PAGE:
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Friday, 25 April 2014

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Stylish in life, not so when using the road

He was handsome. Beautifully turned out, dressed for the sunshine – colour co-ordinated with impeccable style.

There was nothing drab about the fellow at all. Positively elegant, he was. Chic, even. A real head-turner.

And I killed him.

It hurts to speak the words ... which is probably why I’m writing them.

Alternating waves of guilt and nausea ebb and flow with the recurring memory of that dirty early morning deed. When I killed him.

Such a beautiful specimen of fine young masculinity and he is no more. He is splattered over the A689 at Crosby Moor.

All over it, in fact – if a rear view mirror glance was to be trusted. It’s quite surprising how far a pheasant will splatter, once he’s been under your wheels.

It was over in a flash of mess and feathers.

“I’m sorry!” I screamed, as I caught a glimpse of pheasant fillets flying up behind me.

Silly really. He couldn’t hear me. And since he’d never had the gumption to look both ways before crossing the road, his sudden death was actually his fault not mine. But I was sorry anyway. I still am sorry.

So typical of so much of young, boastful, invincible manhood (or pheasanthood in his case). Dashing about as though they own the place, expecting all and sundry to accommodate every spontaneous whim. Never wrong. Ever infallible.

Cock o’the North one minute, proven birdbrain the next. None of them ever learn.

Sudden arrival of summer has brought out a lot of strutting Cocks o’the North, you’ll have noticed. Not all have been so handsomely groomed as my late, lamented pheasant, of course. But they are unmistakable strutters.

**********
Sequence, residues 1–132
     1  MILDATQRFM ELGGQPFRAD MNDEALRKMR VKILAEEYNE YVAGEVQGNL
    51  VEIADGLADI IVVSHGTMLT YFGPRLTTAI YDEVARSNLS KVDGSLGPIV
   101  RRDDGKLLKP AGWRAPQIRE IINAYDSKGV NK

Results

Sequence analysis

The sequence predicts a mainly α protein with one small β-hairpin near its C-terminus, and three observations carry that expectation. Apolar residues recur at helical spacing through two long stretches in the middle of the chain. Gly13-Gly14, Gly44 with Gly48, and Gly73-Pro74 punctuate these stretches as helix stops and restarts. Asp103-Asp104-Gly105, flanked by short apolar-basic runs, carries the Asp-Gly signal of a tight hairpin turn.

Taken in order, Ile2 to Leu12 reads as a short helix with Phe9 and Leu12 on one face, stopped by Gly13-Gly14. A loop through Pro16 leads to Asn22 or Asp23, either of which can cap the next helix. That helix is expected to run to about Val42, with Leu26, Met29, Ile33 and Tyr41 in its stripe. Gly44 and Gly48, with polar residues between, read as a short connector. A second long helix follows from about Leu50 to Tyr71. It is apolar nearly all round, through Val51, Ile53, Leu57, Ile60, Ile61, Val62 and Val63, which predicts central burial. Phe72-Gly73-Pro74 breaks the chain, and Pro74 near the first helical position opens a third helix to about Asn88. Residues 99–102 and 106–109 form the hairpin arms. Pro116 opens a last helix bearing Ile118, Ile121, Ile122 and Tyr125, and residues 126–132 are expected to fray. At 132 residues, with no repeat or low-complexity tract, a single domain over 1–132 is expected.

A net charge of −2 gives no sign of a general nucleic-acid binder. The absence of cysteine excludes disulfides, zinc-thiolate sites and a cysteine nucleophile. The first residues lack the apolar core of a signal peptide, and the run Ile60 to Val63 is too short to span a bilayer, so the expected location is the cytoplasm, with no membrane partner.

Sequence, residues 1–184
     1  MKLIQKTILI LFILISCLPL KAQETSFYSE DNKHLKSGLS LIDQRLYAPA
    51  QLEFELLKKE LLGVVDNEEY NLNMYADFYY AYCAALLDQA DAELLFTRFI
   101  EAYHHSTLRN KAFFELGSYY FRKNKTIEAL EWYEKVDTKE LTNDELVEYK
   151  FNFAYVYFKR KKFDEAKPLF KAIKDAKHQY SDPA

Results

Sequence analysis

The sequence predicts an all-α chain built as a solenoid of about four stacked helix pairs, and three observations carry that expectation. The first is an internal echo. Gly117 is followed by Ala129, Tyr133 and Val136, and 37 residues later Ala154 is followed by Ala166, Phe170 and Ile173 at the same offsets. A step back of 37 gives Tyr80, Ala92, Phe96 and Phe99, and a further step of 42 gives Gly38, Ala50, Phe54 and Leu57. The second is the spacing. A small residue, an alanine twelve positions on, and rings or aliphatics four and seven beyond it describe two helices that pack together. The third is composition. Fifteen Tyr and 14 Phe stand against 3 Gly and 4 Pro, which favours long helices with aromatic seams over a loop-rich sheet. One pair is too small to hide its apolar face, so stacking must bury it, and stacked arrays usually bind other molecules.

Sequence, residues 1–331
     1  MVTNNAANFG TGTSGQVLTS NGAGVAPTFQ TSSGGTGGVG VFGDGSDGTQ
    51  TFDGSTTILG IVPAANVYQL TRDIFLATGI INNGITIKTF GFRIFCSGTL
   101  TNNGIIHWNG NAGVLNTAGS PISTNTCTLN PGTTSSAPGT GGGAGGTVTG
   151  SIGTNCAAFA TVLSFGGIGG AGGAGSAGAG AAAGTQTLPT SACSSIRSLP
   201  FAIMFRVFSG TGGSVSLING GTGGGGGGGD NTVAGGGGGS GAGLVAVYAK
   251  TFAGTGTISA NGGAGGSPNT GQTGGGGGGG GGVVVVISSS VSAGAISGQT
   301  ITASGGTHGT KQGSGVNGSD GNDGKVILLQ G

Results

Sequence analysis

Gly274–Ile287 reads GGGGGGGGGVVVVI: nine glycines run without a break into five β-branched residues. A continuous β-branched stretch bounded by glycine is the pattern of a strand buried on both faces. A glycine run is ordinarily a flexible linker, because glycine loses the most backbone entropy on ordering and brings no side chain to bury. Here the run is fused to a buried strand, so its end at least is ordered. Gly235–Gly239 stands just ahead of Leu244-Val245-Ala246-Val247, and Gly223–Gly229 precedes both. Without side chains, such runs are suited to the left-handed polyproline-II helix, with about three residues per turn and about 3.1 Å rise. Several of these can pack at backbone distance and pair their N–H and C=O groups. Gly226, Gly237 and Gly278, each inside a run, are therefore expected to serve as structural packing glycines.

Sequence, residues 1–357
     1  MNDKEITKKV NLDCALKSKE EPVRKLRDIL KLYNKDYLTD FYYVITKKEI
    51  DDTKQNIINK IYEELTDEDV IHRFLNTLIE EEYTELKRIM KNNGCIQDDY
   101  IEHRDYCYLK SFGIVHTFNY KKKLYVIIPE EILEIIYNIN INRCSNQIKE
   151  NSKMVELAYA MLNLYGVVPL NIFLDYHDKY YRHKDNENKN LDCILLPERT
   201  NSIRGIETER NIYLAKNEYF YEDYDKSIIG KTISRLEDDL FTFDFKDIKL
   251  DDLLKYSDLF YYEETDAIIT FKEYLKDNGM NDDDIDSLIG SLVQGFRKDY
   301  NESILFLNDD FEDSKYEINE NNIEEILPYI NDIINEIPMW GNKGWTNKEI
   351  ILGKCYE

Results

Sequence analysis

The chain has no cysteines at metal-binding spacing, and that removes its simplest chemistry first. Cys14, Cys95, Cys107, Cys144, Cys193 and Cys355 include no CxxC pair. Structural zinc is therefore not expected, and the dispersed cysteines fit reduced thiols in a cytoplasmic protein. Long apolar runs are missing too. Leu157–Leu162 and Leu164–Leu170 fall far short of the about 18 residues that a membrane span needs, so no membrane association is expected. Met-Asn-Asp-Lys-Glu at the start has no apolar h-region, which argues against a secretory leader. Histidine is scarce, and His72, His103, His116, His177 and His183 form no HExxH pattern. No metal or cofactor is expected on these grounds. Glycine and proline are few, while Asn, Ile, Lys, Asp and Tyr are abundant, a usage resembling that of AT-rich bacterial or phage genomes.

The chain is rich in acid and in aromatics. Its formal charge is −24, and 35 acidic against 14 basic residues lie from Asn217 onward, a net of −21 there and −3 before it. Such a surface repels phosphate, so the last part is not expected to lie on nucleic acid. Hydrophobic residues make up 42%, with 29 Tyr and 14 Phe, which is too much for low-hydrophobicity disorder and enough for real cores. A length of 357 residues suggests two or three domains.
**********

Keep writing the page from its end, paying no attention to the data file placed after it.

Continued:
When mercury rises, blue-white legs emerge, from shorts sawn off like threatening shotguns at the knees of frayed, discoloured jeans. And paunches and tattoos. Not the girls, of course. Their sawn-offs are white.

I blame the suddenness of it all. It’s the only explanation. One day perishing February, veering chaotically between flood and drought, the next August heatwave with wall-to-wall sunshine ... in May! No wonder strutters are confused.

What does a man (or woman) choose to wear when summer comes early, with little by way of announcement. There’s a quandary. But each day of blue sky might well be the last, until the next one – which could be 12 months away.

You see the point. It’s hard to be summer-ready when you’ve grown too used to winter warmers. And there’s not a lot worse than being caught out by an unexpected sunny spell.

Wiggling across the office car park in pretty frock and shades, hair lifting lightly on a gentle, balmy breeze, one summer-unready made a whispered confession as she paused on her high heels.

“Beautiful day,” she said. “But if only I’d got round to shaving my legs, I wouldn’t have had to wear these thick tights. Typical!”

See? Trials and tribulations come with every drop of welcome cheer. Those of us less fond of blue-white legs and Alitalia armpits than some, need notice of summer. Lots of it.

There needs to be time for shaving and waxing, spray-tanning and polishing, preening and toenail-painting.

There needs to be time for serious preparation – the kind that makes us appear, on the first sunshine day, as though we have been enjoying similar tropical heat for at least three months without a break.

It makes no sense. But it’s a logical imperative... and not only for the fake tan industry.

Such problems for strutters with self-respecting style. It could take weeks to work them all out.

Unless, of course, you’re a boastful, well-dressed pheasant with no road sense and in too much of a hurry on a sunny morning.

Squashed and splattered on the Brampton Old Road. Not a stylish end. And I’m sorry.


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